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Station Group Fined $720 Thousand for Retransmission Consent Settlement Language

As we previously reported, the FCC is cracking down on certain practices that may occur in the retransmission consent process. During the process of negotiation, both parties may seek to limit subsequent legal exposure once they have reached an agreement. Thus, as part of the settlement, there may be standard provisions stating that neither party may file or complain to the FCC.

Unfortunately, the FCC is now looking at such provisions critically. Rather than considering them as part of a settlement process, the Commission is now looking at the provisions as a violation of the “good faith” provisions of the statute. The Commission stated:

“As noted, the Good Faith Order plainly states that “proposals for contract terms that would foreclose the filing of complaints with the Commission” are presumptively at odds with the good faith negotiation requirement. In denouncing this and similar proposals, the Commission explained:

[A]ny effort to stifle competition through the negotiation process would not meet the good faith negotiation requirement. Considerations that are designed to frustrate the functioning of a competitive market are not ‘competitive marketplace considerations.’ Conduct that is violative of national policies favoring competition . . . is not within the competitive marketplace considerations standard included in the statute."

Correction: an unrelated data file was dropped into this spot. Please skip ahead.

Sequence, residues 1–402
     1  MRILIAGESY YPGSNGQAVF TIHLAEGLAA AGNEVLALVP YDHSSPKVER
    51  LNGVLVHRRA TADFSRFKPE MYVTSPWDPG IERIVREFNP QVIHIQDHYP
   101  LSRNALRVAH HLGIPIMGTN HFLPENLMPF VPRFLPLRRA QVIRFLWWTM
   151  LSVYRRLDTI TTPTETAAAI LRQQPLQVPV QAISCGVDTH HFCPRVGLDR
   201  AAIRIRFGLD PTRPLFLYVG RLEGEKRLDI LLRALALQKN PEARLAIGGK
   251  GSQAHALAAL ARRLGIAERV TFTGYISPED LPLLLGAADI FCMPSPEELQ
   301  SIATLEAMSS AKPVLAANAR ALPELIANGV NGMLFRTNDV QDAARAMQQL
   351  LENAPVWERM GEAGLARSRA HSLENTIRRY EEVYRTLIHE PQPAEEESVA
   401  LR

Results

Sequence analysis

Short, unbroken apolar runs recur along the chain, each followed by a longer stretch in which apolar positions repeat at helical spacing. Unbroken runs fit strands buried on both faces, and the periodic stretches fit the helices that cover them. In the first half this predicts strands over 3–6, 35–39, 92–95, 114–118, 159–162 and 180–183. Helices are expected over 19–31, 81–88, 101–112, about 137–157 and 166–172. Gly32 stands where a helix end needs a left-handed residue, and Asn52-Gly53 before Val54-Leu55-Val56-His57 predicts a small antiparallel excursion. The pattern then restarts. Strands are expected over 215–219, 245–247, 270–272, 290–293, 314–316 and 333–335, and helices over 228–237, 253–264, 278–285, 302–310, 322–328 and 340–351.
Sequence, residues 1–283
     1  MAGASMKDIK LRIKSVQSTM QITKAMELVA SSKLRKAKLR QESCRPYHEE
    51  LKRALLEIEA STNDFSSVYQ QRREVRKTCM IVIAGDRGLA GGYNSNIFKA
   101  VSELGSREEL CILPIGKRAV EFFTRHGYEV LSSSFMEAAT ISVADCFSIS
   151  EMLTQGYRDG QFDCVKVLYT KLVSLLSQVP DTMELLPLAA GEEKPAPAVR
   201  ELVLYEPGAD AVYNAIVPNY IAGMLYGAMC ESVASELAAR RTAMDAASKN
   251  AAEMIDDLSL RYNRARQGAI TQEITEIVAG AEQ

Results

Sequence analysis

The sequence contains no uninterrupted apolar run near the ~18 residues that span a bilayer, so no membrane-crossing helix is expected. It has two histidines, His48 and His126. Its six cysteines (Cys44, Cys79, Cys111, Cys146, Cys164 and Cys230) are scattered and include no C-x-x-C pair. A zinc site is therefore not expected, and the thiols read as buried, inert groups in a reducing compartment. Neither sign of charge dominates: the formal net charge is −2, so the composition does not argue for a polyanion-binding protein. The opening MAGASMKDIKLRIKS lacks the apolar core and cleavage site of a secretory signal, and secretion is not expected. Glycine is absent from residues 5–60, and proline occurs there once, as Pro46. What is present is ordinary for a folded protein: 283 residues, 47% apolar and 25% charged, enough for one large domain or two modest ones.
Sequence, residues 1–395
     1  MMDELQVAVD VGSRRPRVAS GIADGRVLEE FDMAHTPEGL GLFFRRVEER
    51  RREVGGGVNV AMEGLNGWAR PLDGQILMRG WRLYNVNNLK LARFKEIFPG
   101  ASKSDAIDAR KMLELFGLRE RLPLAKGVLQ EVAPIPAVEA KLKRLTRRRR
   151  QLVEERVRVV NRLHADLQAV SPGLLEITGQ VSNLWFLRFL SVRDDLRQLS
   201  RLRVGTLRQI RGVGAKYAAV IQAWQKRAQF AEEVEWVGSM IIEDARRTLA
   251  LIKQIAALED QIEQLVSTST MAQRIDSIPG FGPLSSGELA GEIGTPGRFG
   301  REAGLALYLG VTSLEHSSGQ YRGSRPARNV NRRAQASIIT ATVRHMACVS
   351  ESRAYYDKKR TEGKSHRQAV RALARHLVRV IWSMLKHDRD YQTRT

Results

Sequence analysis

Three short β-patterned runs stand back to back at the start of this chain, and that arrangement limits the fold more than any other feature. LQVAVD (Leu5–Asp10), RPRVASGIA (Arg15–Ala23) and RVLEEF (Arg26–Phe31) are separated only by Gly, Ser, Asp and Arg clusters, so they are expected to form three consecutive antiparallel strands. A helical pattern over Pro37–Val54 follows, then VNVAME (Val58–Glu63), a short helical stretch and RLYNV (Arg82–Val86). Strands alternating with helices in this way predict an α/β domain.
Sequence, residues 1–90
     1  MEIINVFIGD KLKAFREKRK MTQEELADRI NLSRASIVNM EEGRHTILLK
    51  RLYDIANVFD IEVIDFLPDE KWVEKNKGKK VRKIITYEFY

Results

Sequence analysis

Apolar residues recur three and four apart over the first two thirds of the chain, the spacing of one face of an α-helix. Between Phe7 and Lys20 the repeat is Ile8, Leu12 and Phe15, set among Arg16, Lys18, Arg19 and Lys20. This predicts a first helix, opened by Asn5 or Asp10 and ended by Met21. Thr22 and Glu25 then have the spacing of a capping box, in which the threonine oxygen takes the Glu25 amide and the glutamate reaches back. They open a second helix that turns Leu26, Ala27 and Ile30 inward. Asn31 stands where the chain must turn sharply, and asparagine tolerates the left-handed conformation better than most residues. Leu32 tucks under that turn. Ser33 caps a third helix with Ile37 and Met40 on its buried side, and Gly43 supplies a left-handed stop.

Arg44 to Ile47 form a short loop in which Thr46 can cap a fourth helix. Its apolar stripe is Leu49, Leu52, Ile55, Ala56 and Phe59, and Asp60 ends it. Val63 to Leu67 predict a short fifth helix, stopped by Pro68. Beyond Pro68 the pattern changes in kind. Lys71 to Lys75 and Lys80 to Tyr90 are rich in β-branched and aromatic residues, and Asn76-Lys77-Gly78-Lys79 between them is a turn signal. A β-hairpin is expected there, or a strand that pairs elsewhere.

Importantly, the FCC rejected the argument that a provision preventing the filing of a complaint applied to both parties and was limited to the facts surrounding the specific negotiations. 

“Contrary to Nexstar’s suggestion, the Good Faith Order contains no exception or qualifying language that supports interpreting the phrase “proposals for contract terms that would foreclose the filing of complaints” as narrowly as Nexstar advocates. In particular, the fact that the provisions called for a mutual release of claims is irrelevant, as is the fact that Hawaiian Telcom was not prevented (nor would have been prevented) from filing any complaint.”

Bottom line, provisions in retransmission consent settlement contracts that prevent parties from complaining to the FCC will not be enforceable and will lead to fines from the FCC. This decision follows several previous decisions and now makes it clear the FCC will fine stations for including such provisions in their retransmission consent agreements.  

You can see the FCC’s decision here.

You can find a good article on this subject from Policyband here.

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